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What's the most common geologic feature seen on Mars? (Hint: it's not a volcano.)

It's an impact crater.

In fact, impact craters are the most common landforms in the entire solar system. They are abundant on the solid surfaces of just about every planet, moon, and asteroid in the Sun's family. The exceptions are bodies that experience rapid erosion (Earth, for example) or frequent geological or volcanic activity (examples include Jupiter's moons Io and Europa, Saturn's moon Titan, and Venus).

Impact craters form in a range of sizes from microscopic to giant basins thousands of kilometers (miles) across. However, for simplicity, scientists sort craters into four basic categories: simple craters, complex craters, peak-ring craters, and multi-ring basins.

All impact craters share certain recognizable similarities and features. But as you might guess, details of their features differ and that can give geologists clues about the specifics of each impact and the conditions at the time of impact and afterward.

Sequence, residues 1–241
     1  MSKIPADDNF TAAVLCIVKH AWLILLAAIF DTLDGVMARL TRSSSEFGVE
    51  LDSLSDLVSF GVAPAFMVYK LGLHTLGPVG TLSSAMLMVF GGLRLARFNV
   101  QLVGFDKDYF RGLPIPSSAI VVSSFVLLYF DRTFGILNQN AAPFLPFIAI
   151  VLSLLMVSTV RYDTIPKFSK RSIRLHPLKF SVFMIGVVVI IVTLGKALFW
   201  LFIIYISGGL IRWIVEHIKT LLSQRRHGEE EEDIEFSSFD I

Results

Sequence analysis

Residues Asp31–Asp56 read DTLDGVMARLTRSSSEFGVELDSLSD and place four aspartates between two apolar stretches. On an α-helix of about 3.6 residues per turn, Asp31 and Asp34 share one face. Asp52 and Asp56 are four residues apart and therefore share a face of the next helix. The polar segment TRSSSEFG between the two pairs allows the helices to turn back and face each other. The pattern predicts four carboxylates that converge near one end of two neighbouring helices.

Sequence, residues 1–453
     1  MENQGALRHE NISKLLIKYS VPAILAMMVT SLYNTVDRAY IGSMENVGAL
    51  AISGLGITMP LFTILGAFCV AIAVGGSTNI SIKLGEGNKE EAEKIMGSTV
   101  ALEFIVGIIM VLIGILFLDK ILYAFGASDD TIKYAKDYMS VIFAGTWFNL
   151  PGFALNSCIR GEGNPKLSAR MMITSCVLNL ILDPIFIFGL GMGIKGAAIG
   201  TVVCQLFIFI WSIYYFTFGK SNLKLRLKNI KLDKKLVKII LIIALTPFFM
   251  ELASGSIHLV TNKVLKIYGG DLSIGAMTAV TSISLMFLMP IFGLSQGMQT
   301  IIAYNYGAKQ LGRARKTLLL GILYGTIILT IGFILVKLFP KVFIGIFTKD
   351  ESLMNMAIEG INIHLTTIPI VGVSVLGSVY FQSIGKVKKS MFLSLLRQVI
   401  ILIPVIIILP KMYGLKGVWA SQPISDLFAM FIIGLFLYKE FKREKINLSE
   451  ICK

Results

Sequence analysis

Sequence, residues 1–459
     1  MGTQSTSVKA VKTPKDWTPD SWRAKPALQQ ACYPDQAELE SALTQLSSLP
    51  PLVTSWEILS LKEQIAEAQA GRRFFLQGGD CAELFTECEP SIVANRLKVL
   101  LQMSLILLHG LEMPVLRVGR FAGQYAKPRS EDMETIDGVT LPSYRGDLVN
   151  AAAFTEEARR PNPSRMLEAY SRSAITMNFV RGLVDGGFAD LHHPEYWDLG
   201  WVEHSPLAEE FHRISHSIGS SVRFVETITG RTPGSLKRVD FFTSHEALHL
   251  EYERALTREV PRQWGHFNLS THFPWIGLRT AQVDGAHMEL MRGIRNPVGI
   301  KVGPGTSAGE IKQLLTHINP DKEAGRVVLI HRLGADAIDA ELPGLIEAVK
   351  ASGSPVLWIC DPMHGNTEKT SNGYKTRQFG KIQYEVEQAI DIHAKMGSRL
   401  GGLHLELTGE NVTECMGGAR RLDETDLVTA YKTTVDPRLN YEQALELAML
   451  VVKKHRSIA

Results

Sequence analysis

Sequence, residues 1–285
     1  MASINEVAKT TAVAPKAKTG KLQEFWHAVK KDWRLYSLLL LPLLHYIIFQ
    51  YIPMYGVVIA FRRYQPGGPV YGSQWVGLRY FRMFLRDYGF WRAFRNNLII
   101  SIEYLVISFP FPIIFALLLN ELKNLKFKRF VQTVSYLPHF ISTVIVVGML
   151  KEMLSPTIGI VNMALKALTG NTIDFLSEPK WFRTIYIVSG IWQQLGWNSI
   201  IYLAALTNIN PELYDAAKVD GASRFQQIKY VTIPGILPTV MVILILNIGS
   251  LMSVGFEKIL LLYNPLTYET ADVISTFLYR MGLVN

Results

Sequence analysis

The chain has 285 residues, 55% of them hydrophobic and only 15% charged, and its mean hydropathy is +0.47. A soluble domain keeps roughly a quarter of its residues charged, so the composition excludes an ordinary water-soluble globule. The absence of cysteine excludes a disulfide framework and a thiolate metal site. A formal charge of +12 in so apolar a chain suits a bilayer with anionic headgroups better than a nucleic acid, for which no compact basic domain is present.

But first a small detour. Not all round holes in the ground are impact craters. Volcanoes make features that partly resemble impact craters, but are formed in a totally different way. Explore the Volcanoes entry for more details, but for now use this rule of thumb: If a crater in question is large and sits at the highest point of a volcano, it's probably a volcanic caldera, not an impact crater. Calderas form when lava inside a volcano recedes and the volcano summit collapses.

So what is an impact crater? How does nature make them on Mars?

 

 

Meteor Crater Arizona
(NASA)
Simple Crater
(NASA/JPL-Caltech/Arizona State University)
Lowell Crater, 202 kilometers (126 miles) across, is a typical peak-ring crater. These form when the impact is big enough to blast a crater at least 100 km (60 mi) wide. Instead of a single central peak, they develop a ring of peaks, hence the name. (NASA/JPL-Caltech/Malin Space Science Systems)
Peak-Ring Crater
(NASA/JPL-Caltech/Malin Space Science Systems)